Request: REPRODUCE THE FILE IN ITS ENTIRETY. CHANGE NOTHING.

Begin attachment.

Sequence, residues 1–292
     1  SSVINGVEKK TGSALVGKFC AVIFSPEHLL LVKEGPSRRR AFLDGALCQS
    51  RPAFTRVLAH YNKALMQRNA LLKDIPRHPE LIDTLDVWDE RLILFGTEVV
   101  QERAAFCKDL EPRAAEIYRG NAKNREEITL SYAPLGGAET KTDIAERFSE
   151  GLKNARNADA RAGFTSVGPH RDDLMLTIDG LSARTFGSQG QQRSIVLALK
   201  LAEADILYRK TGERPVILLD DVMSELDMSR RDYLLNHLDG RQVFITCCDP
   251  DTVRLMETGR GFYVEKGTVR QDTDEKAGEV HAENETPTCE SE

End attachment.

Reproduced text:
Sequence, residues 1–292
     1  SSVINGVEKK TGSALVGKFC AVIFSPEHLL LVKEGPSRRR AFLDGALCQS
    51  RPAFTRVLAH YNKALMQRNA LLKDIPRHPE LIDTLDVWDE RLILFGTEVV
   101  QERAAFCKDL EPRAAEIYRG NAKNREEITL SYAPLGGAET KTDIAERFSE
   151  GLKNARNADA RAGFTSVGPH RDDLMLTIDG LSARTFGSQG QQRSIVLALK
   201  LAEADILYRK TGERPVILLD DVMSELDMSR RDYLLNHLDG RQVFITCCDP
   251  DTVRLMETGR GFYVEKGTVR QDTDEKAGEV HAENETPTCE SE